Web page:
Page 4, 26th September 1975

26th September 1975
Page 4
Page 4, 26th September 1975 — The future of Catholic direct-grant schools

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The future of Catholic direct-grant schools

The future of direct-grant schools has been much in the news of recent months, and since about one-third of all direct-grant schools are Catholic this is obviously a matter of much interest to Catholics.

What part have they played in the Catholic educational system? What is direct-grant status? This is not always fully understood and is sometimes confused with aided status.

Catholic schools in England and Wales are of three types of legal status (as distinct from educational type such as primary, secondary modern or grammar) (i) aided (or special agreement — I will bracket the two together because of their great similarities in practice); (ii) direct-grant, and (iii) independent.

The following table shows the number of schools and pupils in Catholic schools of each status in January, 1974: Schools Pupils Aided 2,639 813,411 Direct-Grant 56 39.151 Independent 347 86,593 An independent school receives no grant from public funds and charges fees which may be and sometimes are paid either wholly or partly for pupils by local education authorities.

In an aided school there are no fees, the running costs (cg, teachers' salaries, heating. light, etc) arc paid by the local authority which also pays for internal repairs. and there is a grant from the Government raised from 80 per cent to 85 per cent during the last year for building costs and external repairs.

Direct-grant status is more complicated. The direct-grant is a capitation grant, ie per head of pupils, with a higher rate for sixth-formers. In most schools this currently amounts to a little under 30 per cent of operating costs, and the rest of the expenditure has to be covered from fees: 25 per cent of places must he given free by the school or made available to local education authorities who may require more (up to 50 per cent) to be put at their disposal,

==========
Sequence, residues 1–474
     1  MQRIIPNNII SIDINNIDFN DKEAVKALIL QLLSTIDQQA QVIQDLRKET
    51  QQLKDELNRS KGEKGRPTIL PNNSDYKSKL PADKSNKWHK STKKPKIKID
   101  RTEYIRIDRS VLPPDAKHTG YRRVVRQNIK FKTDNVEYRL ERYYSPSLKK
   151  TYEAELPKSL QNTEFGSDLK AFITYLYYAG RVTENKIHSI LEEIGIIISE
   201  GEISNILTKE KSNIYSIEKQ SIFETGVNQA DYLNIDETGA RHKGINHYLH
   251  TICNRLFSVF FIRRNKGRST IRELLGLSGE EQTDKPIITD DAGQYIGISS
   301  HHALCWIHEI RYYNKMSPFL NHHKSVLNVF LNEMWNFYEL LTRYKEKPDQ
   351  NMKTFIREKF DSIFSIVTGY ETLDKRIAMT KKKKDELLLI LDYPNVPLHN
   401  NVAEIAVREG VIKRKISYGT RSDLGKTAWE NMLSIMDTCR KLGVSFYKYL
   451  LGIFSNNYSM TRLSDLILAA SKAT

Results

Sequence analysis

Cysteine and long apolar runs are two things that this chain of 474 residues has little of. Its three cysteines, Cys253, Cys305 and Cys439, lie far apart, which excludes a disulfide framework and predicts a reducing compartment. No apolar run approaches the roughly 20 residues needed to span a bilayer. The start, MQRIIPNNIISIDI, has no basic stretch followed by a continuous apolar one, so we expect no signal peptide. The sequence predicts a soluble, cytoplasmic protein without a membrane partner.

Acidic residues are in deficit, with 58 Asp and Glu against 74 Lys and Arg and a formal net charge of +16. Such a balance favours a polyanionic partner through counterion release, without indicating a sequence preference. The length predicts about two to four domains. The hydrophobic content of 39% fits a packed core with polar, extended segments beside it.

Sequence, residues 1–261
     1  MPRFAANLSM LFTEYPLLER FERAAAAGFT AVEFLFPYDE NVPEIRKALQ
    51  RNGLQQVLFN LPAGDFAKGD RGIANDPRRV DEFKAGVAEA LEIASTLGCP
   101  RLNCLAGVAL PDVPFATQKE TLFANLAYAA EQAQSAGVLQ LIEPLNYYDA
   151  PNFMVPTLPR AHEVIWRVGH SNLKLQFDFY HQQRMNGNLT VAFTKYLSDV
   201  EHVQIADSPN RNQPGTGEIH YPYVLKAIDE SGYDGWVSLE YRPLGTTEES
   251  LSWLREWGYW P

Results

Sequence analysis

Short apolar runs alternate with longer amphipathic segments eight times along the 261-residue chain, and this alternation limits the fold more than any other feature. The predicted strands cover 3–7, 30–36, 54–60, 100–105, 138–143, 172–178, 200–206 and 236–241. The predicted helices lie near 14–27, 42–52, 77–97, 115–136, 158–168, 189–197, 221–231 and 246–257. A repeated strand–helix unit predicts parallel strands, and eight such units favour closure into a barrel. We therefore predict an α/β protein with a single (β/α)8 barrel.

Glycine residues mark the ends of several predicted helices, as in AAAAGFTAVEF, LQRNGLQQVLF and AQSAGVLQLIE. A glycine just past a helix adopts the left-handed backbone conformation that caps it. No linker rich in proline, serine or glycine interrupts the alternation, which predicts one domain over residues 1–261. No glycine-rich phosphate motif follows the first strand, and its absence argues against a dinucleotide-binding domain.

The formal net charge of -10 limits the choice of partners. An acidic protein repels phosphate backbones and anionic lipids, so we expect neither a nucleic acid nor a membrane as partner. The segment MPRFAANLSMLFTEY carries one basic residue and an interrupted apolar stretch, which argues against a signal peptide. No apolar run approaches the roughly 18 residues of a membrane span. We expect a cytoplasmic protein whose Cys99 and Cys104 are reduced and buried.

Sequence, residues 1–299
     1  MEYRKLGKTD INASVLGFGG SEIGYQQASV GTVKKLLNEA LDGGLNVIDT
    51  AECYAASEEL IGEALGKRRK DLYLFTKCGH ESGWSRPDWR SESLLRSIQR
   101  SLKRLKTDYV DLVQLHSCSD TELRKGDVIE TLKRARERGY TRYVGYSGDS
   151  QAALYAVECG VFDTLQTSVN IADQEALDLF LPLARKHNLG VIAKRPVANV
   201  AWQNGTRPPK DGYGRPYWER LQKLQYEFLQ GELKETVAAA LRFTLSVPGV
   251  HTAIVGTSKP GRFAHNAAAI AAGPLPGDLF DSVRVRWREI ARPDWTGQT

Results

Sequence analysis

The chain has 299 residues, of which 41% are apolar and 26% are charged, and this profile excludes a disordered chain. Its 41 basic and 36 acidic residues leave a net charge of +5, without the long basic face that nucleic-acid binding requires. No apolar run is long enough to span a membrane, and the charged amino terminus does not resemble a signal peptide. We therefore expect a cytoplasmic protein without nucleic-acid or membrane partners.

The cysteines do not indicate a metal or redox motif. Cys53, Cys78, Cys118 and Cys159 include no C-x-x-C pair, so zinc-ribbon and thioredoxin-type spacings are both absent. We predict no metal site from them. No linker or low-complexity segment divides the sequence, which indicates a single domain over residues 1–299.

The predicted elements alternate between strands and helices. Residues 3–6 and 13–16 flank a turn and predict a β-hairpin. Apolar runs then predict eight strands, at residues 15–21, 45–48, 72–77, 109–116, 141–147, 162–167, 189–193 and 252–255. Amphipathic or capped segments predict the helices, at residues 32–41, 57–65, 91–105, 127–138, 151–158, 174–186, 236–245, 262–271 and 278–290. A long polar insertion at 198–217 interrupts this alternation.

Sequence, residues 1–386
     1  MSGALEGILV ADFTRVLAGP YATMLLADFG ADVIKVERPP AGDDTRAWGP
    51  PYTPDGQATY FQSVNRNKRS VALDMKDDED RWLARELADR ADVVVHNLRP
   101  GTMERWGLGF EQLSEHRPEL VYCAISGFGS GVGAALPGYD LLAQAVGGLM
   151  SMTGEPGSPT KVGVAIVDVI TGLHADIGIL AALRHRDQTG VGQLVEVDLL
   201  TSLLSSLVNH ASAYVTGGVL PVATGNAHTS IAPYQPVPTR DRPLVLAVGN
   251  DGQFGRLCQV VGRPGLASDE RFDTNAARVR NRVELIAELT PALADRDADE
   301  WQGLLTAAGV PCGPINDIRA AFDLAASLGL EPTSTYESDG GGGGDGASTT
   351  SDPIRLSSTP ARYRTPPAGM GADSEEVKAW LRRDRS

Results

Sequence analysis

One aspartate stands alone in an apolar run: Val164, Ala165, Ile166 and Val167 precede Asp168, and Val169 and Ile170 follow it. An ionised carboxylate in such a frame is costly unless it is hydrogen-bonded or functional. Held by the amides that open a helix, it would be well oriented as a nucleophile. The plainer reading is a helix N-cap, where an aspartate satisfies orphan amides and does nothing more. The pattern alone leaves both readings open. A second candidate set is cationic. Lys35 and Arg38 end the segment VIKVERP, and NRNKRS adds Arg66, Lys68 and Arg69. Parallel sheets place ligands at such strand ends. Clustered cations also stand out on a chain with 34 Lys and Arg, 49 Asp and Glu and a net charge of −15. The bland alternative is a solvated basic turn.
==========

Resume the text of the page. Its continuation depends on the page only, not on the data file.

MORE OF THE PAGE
By agreement with a school they may take more up to the total • number. (Where an authority takes places. it pays the fees. Where parents pay fees there is fee remission on a means test. the cost of the remissions being met by the Government.) The direct-grant arrangements therefore permit very different situations to arise — at one end a school which is predominantly fee-paying (by parents who provide the majority of the income) and at the other end a school which is predominantly free (where local authorities pay for many places) and the bulk of the income conies from public funds.

What has been the usual situation of the Catholic directgrant schools?

The Public Schools Commission Report (the Donnison Report) showed that in the late 1960s, 86 per cent of all places in the Catholic Direct-grant schools were taken by local education authorities and that in half the schools 90 per cent or more of the places were taken by authorities. They were taken because without them there would not have been enough free Catholic grammar school education.

In some areas the directgrant schools were the only Catholic urammar schools. and where they were not the only ones in their areas they represented at least a substantial part of the total of Catholic grammar schools. They were not spread evenly over the country, being found predominantly (75 per cent) in the North, and particularly in the North-West. In the North indeed they represented nearly two-thirds of all Catholic grammar schools.

In the South, by contrast. there were few direct-grant grammar schools and grammar schools were usually aided. (In 1966 in the dioceses in and around London -Westminster, Southwark and Brentwood there were 28 aided grammar schools and four direct-grant.) But in the areas in which they .have been found, the importance and value of the part they have played in providing education for Catholic children is very CV ident.

The direct-grant schools now face change as a result of Government policy, but. before going on to look at this in detail, I will look at the general context in which this belongs, namely the trend towards com prehensive secondary education, and the policy of dioceses towards this trend.

This has been with us for a decade now, and as long ago as 1965 the policy was stated as being "to co-operate with local authorities in the implementation of national policy". The basis of this policy is that Catholic aided (or special agreement) schools supported from public funds are part of the national system and should be ready to change with it in a matter where there was no religious or moral principle at issue, namely how secondary education should be organised, with grammar and secondary modern schools or alternatively with comprehensive schools.

Readers of the Catholic Herald hardly need reminding that the Matter is controversial nationally, and it is a question on which there is a difference of opinion among Catholics. To quote front a recent pastoral letter from Archbishop